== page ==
Congress' use of specific financial terms that involve the placing of money into a bank's possession reveals its intent to limit the meaning of "transaction" to only those activities where the bank actually retains control over a customer's funds. We have been unable to discover a clearly expressed legislative intent to include this type of service provided by a financial institution to be considered a "transaction." If Congress had intended all services offered by a financial institution to its customers to be considered a "transaction" it could have said so. Congress did not and therefore this court can only interpret Congress' intent from the very words of the statute. Certainly, the placing of money and/or withdrawing of money from a safe deposit box where no record is made and no interest is paid on the amount of money in the box cannot be considered a "banking transaction."The defendant's use of safe deposit boxes at the First Wisconsin National Bank does not fall within the scope of "transaction" as set forth in Sec. 1956(c)(3) because his use of the boxes cannot be considered a "transfer between accounts, an exchange of currency, a loan, an extension of credit, a purchase or sale of any stock, bond, certificate of deposit, or other monetary instrument...."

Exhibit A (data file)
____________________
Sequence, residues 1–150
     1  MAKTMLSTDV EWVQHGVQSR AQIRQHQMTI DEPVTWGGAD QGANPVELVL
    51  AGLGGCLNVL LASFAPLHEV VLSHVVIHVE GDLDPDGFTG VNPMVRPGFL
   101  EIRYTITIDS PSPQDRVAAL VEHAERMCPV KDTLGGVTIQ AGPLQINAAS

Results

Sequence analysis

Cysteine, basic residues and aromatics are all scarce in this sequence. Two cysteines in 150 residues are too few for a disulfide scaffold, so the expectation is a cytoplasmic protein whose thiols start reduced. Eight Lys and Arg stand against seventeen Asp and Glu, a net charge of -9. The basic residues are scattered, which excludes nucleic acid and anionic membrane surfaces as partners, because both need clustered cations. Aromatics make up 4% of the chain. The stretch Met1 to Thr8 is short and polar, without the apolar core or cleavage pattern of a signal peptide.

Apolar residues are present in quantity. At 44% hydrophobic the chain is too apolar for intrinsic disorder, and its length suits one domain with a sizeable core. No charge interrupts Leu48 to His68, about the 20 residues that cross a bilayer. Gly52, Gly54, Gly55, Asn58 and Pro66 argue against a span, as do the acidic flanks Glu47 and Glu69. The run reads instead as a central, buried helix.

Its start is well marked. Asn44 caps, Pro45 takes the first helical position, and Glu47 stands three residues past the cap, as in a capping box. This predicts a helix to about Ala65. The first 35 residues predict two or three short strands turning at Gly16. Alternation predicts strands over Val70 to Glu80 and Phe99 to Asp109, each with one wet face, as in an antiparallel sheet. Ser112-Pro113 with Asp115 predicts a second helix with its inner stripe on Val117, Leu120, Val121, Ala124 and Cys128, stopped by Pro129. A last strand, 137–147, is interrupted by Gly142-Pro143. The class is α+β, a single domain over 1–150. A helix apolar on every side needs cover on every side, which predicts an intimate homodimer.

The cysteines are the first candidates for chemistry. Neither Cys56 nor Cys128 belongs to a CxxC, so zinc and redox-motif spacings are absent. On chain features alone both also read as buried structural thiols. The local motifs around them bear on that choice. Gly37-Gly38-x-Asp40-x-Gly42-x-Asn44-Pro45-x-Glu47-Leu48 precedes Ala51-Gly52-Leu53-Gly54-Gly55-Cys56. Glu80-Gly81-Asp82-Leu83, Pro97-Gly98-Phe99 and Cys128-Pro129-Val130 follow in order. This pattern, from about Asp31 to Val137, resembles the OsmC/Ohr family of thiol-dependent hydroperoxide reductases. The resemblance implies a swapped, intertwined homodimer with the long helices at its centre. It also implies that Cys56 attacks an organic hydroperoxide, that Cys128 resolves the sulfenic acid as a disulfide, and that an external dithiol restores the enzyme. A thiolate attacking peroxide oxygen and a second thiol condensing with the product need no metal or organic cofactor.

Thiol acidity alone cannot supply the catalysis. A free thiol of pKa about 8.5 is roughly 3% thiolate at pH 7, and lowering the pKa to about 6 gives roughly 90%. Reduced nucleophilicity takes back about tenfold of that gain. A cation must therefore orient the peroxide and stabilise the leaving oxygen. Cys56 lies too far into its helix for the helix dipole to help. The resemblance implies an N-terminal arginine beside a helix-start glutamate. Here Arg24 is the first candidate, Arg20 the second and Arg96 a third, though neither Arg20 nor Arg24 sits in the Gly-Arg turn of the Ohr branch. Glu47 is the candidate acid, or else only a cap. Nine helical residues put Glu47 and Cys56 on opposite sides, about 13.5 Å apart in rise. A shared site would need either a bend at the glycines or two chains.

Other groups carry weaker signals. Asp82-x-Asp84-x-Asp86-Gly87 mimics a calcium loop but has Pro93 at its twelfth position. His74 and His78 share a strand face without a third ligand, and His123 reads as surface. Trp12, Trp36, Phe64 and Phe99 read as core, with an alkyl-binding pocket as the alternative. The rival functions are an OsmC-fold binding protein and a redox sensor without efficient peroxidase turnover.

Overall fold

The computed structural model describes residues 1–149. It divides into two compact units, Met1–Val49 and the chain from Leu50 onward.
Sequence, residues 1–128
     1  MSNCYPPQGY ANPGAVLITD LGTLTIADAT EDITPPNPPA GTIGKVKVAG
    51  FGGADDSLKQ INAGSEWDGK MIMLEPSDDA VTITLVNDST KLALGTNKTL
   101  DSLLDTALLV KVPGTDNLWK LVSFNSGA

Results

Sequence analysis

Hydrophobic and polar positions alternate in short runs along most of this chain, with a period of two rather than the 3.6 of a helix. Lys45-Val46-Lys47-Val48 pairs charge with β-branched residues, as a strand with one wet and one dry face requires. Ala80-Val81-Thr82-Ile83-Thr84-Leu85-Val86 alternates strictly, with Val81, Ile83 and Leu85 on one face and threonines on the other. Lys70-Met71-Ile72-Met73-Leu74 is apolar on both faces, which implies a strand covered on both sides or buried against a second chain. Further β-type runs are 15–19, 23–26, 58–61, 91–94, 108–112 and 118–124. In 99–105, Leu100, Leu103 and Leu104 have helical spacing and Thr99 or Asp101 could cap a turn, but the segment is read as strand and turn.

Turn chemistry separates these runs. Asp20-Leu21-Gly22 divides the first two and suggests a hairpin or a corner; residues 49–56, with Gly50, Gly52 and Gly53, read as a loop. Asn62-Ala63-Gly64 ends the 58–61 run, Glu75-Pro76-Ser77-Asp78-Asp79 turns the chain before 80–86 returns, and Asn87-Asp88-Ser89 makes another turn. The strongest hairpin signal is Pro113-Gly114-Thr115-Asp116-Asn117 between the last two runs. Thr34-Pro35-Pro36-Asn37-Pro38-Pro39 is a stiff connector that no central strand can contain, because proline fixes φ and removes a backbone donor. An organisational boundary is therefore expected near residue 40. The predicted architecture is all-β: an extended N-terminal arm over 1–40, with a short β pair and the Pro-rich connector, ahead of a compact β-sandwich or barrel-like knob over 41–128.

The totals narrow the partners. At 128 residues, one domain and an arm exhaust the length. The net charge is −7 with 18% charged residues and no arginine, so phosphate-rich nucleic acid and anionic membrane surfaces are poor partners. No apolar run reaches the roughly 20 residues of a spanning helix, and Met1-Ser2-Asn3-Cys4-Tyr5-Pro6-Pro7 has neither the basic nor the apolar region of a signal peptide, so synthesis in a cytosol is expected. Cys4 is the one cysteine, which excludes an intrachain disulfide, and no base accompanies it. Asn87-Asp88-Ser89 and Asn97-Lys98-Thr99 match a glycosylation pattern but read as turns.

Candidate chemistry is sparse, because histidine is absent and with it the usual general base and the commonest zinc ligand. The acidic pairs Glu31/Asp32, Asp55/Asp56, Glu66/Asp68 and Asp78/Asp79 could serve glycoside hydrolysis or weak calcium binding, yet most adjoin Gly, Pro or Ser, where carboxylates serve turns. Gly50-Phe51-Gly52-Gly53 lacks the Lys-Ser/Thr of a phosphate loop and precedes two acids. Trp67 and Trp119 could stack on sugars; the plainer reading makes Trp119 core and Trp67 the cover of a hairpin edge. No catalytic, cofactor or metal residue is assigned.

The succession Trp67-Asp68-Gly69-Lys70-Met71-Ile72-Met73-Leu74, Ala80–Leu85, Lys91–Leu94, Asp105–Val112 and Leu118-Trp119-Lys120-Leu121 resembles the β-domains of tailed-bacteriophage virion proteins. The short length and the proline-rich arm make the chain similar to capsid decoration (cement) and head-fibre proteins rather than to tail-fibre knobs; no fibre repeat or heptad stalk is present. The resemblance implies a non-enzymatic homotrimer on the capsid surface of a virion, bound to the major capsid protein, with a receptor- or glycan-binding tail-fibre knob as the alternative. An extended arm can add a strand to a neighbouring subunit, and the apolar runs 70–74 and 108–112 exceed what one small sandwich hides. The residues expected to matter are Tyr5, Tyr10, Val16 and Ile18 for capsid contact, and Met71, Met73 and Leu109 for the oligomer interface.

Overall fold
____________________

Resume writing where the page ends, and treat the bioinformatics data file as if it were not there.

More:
Further, the defendant's use of the safe deposit boxes does not constitute: (1) a payment--no payment of any kind was made. The defendant simply put his money into a box for safekeeping and/or storage purposes. The money in the safe deposit box was not put there to make any type of payment to First Wisconsin; (2) a transfer--a transfer as used in the context of banking is generally defined as the "moving funds from one account to another, as from checking to savings ... [and] moving stocks, bonds, or other securities from one owner to another, and recording the change of ownership on registration papers." Barron's Dictionary of Banking Terms (1st ed.1990). The defendant's use of the First Wisconsin's safe deposit boxes for the purposes of safekeeping and/or storage of money was clearly not a transfer because the defendant did not convey any right, title, or interest in the money to the bank. The money was stored in the box only until such time as the defendant chose to remove it.4 At all times, the defendant retained his ownership to the money in the safe deposit box; (3) a delivery--Barron's defines "delivery" as the "[p]resentment of a check or negotiable instrument, endorsed by the payee, to the paying bank." Certainly, the defendant's use of First Wisconsin's safe deposit boxes does not constitute a delivery because, as pointed out earlier, use of the safe deposit boxes did not involve any records of deposits, withdrawals, or balances as would be created for a regular bank account. Moreover, the contents did not earn interest nor were they insured.